As a child, John Kropf knew he could always find a bucket of American Crayon coloring sticks to doodle on old newspapers, draw on dining room walls or inhale a good whiff of their waxy scent. So when, thirty-five years later, he found himself without a single crayon, he went on eBay and bought five used boxes for $18.
Kropf, now a practicing lawyer in Washington, D.C., can trace the origins of a self-described crayon snobbery to a long family history in the industry. Born in Sandusky, Ohio, Kropf’s childhood in the “color capital of the world” instilled in him an early loyalty to American Crayons.
In his newly published book, “The Color Capital of the World: Growing Up with the Legacy of a Crayon Company,” Kropf describes the rise and fall of American Crayon, one of the earliest crayon companies in the United States.
Kropf first got the idea for his book after returning to Sandusky nearly thirty-five years after first moving to Washington, D.C. He had come home after the consecutive losses of both his parents and his sister. Finding himself back in the heart of both his childhood home and the city’s once-thriving crayon industry, he visited the old Sandusky crayon factory, now stripped of its machinery and about to be demolished.
“It really pulled at my heartstrings to think of this factory that had been so important to the community and the city and my family for decades and decades just sitting there, like an old friend falling apart,” Kropf said. “All of those things coming to an end made me feel like I had to do something to tell its history before it’s all gone.”
The story of American Crayon began in 1890 with three branches of Kropf’s family: the Whitworths, the Curtises and the Cowderys. Experiments in the Curtis kitchen, encouraged by the Cowderys and funded by the Whitworths, eventually led to the creation of the American Crayon Company. The factory, described in Kropf’s book as a “brick fortress,” was built by Kropf’s great-grandparents. It was there, along the Norfolk Southern Railroad line, that the three families began production on their newly developed crayon recipe.
American Crayon was born in an era of the Wright brothers and the automobile. Sandusky joined other cities in the region in embracing the industrial spirit, commissioning the first train engine west of the Alleghenies. In this period, the skies were home to early airplane tests, the ground crisscrossed with electric railroad lines, and garages filled with startup automobile companies. While not all ventures were successful, the rise of this kind of self-starting innovation has left a lasting impact on the region.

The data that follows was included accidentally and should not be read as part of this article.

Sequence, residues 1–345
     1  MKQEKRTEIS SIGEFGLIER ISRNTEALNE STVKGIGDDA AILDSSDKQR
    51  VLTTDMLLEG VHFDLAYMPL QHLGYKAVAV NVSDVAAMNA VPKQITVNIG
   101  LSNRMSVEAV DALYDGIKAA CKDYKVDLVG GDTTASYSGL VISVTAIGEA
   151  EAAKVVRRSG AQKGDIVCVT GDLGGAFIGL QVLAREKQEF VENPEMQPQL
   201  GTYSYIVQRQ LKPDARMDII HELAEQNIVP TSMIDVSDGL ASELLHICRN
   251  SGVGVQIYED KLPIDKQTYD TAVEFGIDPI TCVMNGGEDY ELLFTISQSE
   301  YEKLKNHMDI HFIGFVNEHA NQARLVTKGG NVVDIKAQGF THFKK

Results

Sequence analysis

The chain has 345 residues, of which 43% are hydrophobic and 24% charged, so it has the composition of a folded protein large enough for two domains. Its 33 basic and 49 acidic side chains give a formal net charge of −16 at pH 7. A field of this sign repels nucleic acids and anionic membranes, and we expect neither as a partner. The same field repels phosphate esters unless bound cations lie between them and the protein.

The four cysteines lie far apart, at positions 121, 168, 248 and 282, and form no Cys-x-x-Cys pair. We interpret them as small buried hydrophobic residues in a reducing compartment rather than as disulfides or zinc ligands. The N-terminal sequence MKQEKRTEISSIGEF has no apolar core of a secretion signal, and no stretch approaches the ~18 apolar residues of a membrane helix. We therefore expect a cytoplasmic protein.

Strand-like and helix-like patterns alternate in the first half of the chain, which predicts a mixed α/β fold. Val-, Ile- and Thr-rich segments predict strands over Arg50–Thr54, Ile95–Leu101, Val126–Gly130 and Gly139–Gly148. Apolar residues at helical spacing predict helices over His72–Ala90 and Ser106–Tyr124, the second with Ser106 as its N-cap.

Marcellus Cowdery, whom Kropf calls the “family leader,” embodied this enterprising spirit. The first superintendent of Sandusky schools, he was the one who initially identified the need for a new kind of chalk. Cowdery’s emphasis on penmanship in his students was made more difficult because of the impracticality of the kinds of chalk they had at their disposal.
We might see crayons today as little more than children’s toys, but before the invention of the colorful, waxy sticks we know today, classrooms in the late 1800s had only crumbly chalk that screeched against blackboards.
Cowdery turned to his brother-in-law, William Curtis, in an attempt to come up with a better alternative. After trips to the local quarry, concoctions in the family kitchen and countless batches of mixtures poured into molds and baked in the oven, the two eventually landed on a recipe that was significantly smoother than before. A few years later, they came across another inventor from Massachusetts who was incorporating wax into his mixtures, and brought him into the company. Soon after, the first crayons were born.
American Crayon continued to expand from its first chalk alternative and created easy-to-use watercolors for kids, tempera paints for lithography and even a magazine publication called Everyday Art. Its products were bought by school teachers and railroad companies alike. American Crayons employed some five hundred people in its factories and offices around the country, but the heart of the company remained in Sandusky: at its peak, the Sandusky factory topped every other crayon company in its yearly production rate.
Yet despite its success, the company ultimately wasn’t immune to the build, boom and bust narrative of the Rust Belt. Like many other Midwestern industrial giants, American Crayons suffered a decline post-World War II. Several businesses folded and American Crayon was eventually acquired by Dixon Crucible. The company saw its final days following the 1990 NAFTA act, when labor was outsourced to Mexico, where it was cheaper. Less than a year later, its century-long run was over.
Although Kropf’s return home to Sandusky brought back echoes of the family company’s demise, it also showed him that the impact of American Crayon was still very much alive. Kropf began posting about the company on social media, and described how each time he did so, he received an outpouring of affection and love for the company.
“People would say, ‘My grandmother worked there, my father worked there,’ — half their families worked there, and they worked there for twenty, thirty, forty years,” Kropf said. “It really was a story that resonated and connected with the community.”
After returning back home and feeling compelled to tell the history of American Crayon decades later, Kropf realized that this was bigger than himself. Between the hundreds of American Crayon employees and all the kids who, like Kropf, had grown up with crayons “in their blood,” the effects that the company had were still rippling through the next generation.
“The more I worked on this book, and the more I talked to people, the more I realized this wasn’t my story,” Kropf said. “I hope to honor everybody who worked in this company, because there was such pride and there was such affection for it.”